Reason.com ran a piece recently about protests that took place in Nashville, TN and the response of some to the course of action that the police took towards them. In brief, a group of people protesting the grand jury results in Ferguson, MO closed down several highways, including Interstate 24, as well as staging a “die-in” at a local mall. Rather than dispersing the protesters, the police closed off the affected roads, for the safety of the protesters, and offered coffee and hot chocolate to those who protested in front of the downtown police station. At least one citizen wrote a letter complaining of police action, claiming that they were allowing these groups to “disrupt” the city.
There are two elements that I think are well illustrated in this article that are not even hinted at by the author, let alone discussed in any detail.
Whose is the “Public Interest” when it comes to public roads?
The first element that struck me was that this incident is a perfect illustration of how politics works in a mixed-economy such as we have today. In today’s system the roads are public property, they shouldn’t be but that is an argument for another day, but whose right to use the roads gets protected and whose right does not? And how do you decide? In this particular case the rights of the protesters to protest were protected while the rights of commuters, and others, to travel freely were violated. (I know some say this was a peaceful protest, but it still involved force and did, especially in the case of the mall, violate rights.) The next time, it could work in the reverse. As Ayn Rand put it in her essay “The Pull Peddlers” in the book Capitalism: The Unknown Ideal:
the idea that “the public interest” supersedes private interests and rights, can have but one meaning: that the interests and rights of some individuals take precedence over the interests and rights of others.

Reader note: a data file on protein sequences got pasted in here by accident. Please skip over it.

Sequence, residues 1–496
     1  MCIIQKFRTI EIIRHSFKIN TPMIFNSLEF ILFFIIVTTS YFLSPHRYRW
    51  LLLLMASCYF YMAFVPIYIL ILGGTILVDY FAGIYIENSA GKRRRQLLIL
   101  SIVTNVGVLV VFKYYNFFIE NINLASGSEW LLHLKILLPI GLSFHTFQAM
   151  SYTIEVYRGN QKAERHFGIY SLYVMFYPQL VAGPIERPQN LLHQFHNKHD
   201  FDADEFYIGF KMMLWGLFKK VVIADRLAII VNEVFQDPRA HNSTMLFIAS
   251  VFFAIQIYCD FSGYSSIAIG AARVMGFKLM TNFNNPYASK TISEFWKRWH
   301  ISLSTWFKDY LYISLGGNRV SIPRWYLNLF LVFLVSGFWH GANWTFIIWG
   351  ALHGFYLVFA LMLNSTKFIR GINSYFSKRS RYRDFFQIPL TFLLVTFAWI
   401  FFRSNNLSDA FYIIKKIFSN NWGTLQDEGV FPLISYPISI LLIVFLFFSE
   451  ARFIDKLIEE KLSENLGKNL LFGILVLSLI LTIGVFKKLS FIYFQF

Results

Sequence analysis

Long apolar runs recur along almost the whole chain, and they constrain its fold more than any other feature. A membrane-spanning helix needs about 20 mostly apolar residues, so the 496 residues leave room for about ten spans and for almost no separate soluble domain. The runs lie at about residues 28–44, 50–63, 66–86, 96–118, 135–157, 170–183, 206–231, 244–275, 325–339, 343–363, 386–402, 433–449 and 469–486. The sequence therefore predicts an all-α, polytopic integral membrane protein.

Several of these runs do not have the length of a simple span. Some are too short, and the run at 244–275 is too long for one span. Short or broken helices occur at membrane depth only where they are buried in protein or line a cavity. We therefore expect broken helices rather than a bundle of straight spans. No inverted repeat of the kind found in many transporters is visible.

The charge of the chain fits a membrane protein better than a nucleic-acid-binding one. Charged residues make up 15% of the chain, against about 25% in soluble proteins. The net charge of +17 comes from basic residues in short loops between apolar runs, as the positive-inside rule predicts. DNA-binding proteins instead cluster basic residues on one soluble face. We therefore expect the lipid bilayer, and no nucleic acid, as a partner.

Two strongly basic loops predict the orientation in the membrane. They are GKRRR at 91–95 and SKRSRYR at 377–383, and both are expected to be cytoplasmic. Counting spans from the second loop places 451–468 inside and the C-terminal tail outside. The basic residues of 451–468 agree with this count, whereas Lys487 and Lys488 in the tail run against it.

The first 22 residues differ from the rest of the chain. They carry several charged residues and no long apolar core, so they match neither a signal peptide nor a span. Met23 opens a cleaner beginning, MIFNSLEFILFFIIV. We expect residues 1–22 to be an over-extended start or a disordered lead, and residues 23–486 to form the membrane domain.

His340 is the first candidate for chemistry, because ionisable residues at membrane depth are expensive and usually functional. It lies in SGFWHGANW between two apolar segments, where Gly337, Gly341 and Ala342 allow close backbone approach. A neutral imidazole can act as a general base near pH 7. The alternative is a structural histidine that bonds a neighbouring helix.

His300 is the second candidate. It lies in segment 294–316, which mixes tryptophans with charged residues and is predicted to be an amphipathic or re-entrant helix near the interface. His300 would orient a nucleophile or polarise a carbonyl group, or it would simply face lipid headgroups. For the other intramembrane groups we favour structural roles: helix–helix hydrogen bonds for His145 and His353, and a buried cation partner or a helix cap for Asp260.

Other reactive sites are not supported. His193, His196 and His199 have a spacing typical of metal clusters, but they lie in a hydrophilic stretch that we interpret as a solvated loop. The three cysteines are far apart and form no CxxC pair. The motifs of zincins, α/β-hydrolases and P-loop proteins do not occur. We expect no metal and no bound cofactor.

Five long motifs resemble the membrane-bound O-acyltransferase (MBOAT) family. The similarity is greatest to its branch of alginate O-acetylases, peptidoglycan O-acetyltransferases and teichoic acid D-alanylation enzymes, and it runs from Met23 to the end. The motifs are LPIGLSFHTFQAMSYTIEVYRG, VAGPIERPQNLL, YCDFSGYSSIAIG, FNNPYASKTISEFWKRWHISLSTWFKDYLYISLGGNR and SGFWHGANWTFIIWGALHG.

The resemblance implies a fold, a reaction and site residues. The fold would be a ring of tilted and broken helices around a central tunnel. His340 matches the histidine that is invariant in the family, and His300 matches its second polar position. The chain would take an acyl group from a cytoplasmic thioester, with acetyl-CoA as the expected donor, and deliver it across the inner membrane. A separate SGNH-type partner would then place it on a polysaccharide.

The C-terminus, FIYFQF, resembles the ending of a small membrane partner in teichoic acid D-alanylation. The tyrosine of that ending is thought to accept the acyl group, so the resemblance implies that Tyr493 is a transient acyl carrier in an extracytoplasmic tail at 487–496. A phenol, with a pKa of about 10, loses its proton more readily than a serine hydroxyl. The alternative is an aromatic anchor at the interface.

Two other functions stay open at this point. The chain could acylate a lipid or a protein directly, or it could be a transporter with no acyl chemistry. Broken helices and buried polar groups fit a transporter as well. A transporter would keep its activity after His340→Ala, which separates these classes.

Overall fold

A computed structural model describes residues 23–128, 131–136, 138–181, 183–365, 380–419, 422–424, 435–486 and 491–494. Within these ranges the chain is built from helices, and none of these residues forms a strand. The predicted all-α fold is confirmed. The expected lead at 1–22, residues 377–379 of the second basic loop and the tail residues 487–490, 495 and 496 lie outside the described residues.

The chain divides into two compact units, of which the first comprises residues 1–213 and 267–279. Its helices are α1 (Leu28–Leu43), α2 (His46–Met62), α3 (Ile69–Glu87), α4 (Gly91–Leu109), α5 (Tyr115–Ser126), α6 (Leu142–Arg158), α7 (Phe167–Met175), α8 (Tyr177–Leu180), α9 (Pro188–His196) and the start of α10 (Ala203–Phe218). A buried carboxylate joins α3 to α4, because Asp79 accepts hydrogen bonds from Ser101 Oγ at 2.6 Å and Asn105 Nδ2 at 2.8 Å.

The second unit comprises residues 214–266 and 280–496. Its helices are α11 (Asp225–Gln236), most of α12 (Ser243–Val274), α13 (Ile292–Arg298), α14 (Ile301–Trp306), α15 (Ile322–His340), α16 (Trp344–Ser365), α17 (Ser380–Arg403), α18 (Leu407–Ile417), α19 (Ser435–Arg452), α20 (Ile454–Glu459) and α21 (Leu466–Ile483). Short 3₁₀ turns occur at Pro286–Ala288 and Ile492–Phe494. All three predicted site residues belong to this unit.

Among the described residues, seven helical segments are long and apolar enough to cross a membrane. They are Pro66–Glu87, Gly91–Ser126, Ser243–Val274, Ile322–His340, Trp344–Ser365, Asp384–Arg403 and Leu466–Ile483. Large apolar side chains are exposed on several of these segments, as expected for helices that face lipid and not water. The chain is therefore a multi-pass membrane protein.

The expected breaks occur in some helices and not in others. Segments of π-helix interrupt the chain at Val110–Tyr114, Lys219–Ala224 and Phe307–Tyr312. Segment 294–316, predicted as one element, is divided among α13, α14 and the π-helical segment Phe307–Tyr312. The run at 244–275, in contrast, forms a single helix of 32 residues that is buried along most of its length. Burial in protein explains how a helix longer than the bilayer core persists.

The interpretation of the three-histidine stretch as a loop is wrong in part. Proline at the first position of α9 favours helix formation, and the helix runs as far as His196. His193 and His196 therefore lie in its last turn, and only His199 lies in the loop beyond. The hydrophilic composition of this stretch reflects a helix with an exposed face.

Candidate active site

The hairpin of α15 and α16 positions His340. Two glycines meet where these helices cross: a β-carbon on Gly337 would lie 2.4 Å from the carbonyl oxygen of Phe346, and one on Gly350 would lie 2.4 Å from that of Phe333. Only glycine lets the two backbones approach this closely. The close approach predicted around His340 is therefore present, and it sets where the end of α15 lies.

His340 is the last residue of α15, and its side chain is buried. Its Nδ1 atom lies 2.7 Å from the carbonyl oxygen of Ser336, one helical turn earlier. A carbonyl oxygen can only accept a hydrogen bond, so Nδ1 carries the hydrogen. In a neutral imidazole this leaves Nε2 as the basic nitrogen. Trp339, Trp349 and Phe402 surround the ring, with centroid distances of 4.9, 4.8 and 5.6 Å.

If so, then all men and all private groups have to fight to the death for the privilege of being regarded as “the public.” The government’s policy has to swing like an erratic pendulum from group to group, hitting some and favoring others, at the whim of any given moment
In pattern, what we see in the response to protesters is exactly what we see in the larger political/economic world. Who will get the benefits from a given government program or regulation and who will be required to pay for it? Who will the government give property to via eminent domain and who will be forced to give it up? It all depends on who has control of the government at any particular moment. Or put another, it all depends not on actual rights but on who will benefit those in power more at any given moment in time.
What sort of laws are we enforcing?
In his response to a letter from a citizen angry at how the police reacted to the protest the Chief of Police asked that the writer of the complaint imagine that he happened to be stopped for speeding and the officer, after finding there are no warrants and his license and registration were all in order, gave him a warning instead of a ticket. Wouldn’t the letter writer be happy if the officer had the discretion to let him off instead of citing him? The chief goes on to claim that only about 1 in 6 stops made by his officers resulted in citations being issued and rest, the vast majority, were just given warnings and that such discretionary enforcement is better than a policy of “zero tolerance.”